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I have a many-to-many relation, implemented with an association table in MySQL. I have a table for children and a table for parents. A child can have multiple parents, saved in the parent_child_link association table with their ID's.

Children can be updated through a HTML form, the parents are in a HTML multi-select. Now I need to update the record in the database, but my solution is not very efficient. Here's in pseudocode what I do:

  1. Update the child information where child_id=x
  2. Delete all the current associations in parent_child_link where child_id=x
  3. Insert the new associations

This solution works great, but when the the parents weren't changed, e.g. only the name of the child was changed, then there are 2 unnecessary queries executed. How can I avoid those unnecessary queries? Is there some way to check if the parents in the multi-select didn't change?

Ofcourse I could just ignore all this hassle, because it already works, but I really like to keep things as efficient as possible.

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4 Answers 4

up vote 0 down vote accepted

Try solving it in the database, not in the application layer by using ON UPDATE CASCADE and ON DELETE CASCADE in the definition of the child table.

A slightly revised example form the MySQL site:

                     PRIMARY KEY (id)

CREATE TABLE child (id INT, parent_id INT,
                    INDEX par_ind (parent_id),
                    FOREIGN KEY (parent_id) REFERENCES parent(id)

Check out the docs here:

EDIT: For your many-to-many relation you can use something like:

CREATE TABLE parent_child_link (
                    parent_id INT NOT NULL,
                    child_id INT NOT NULL,
                    PRIMARY KEY(parent_id, child_id),
                    FOREIGN KEY (parent_id) REFERENCES parent(id)
                    FOREIGN KEY (child_id) REFERENCES child(id)

Hope this helps.

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This is one-to-one; OP has a many-to-many relationship with a pivot table. – lafor May 5 '12 at 13:37
Your right lafor, my bad. – John P May 5 '12 at 13:47
I would love to move it outside of the application layer, but I don't see how your solution with references would solve my problem. As far as I've managed to analyse it, it would be useful when deleting a child or a parent (to get rid of the link). – EsTeGe May 5 '12 at 14:45

I have the same question and figured out my solution as I was reading.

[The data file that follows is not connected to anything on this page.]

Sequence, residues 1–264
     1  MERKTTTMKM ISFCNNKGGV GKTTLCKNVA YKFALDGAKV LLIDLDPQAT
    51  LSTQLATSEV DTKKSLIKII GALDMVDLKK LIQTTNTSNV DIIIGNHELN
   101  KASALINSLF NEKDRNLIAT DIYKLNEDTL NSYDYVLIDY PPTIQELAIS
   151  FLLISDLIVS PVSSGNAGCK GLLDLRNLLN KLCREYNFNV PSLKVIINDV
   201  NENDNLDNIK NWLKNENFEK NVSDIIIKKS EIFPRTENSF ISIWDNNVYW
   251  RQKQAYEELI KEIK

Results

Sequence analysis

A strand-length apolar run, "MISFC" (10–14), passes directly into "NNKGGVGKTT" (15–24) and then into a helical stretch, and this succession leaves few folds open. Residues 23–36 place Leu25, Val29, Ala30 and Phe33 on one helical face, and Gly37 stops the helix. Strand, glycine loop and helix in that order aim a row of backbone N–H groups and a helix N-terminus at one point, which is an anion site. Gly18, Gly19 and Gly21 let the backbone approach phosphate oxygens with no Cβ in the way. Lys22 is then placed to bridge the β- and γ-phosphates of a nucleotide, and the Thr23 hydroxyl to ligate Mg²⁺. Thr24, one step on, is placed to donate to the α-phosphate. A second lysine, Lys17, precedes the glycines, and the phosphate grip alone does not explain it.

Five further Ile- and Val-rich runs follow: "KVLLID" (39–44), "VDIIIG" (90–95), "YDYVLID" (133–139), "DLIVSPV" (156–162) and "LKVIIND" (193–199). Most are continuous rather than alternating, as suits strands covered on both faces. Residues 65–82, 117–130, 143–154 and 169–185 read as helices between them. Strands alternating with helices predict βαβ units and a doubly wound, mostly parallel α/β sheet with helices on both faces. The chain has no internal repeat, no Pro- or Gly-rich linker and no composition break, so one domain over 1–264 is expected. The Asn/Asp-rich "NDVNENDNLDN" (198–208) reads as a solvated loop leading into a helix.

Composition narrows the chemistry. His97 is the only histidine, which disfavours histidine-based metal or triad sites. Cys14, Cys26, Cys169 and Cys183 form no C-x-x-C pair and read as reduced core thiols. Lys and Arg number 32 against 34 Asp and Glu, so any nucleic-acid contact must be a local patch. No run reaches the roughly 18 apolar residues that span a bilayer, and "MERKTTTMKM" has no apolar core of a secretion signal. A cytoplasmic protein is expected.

When I am ready to process the submitted entries, I first do a query to get the current associations and call that array $original_list. The submitted list I will call $submitted_list.

$original_list = array(3,5,7);
$submitted_list = array(1,2,3);

Then I just need to figure out 1) which items to delete (no longer exist) and 2) which items to add (new associations). Items in both lists do not get touched.

$delete_list = array_diff($original_list, $submitted_list);
$insert_list = array_diff($submitted_list, $original_list);

foreach($delete_list as $item) {
    // delete $item from DB

foreach($insert_list as $item) {
    // insert item in db

Would love to know if others feel this a valid solution.

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yep, this is how I've done similar stuff in the past. normally I'd go with the delte -> insert approach but that can be a problem if the ID of the children is referenced elsewhere, like for instance if you are adding multiple price entries to a product and the price ID is referenced from the cart. can't go changing up the IDs when the prices technically haven't changed. – jammypeach Oct 18 '12 at 14:47

Your solution is fine.
In your case you could "optimize" the process by making a query to retrieve the parents and check with the multi-select data if any changes has occurred.
Then you only perform the two delete and insert queries if needed. The counterpart is that when you actually changed the parents, then there will be 3 queries instead of 2.
So you should ask you if the you are about to modify the parents very often. In this case you should stick to your original solution to avoid an extra select query.
If you think the parents won't be updated very often, then you can go with the above solution. When you update the child info only, only one query is performed. When you also update the parents, 3 queries are performed.
When you go with the second solution, the delete and insert queries can be optimized too to only perform what is required (only delete the parents that are not his parents anymore and only insert new parent links).
PHP array functions can be helpful for that.

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If you want to keep you'r current way of doing it, but just optimizing, you could wrap the queries in IF statements.


if ( isset ( $parent_name_change )){ // run query }

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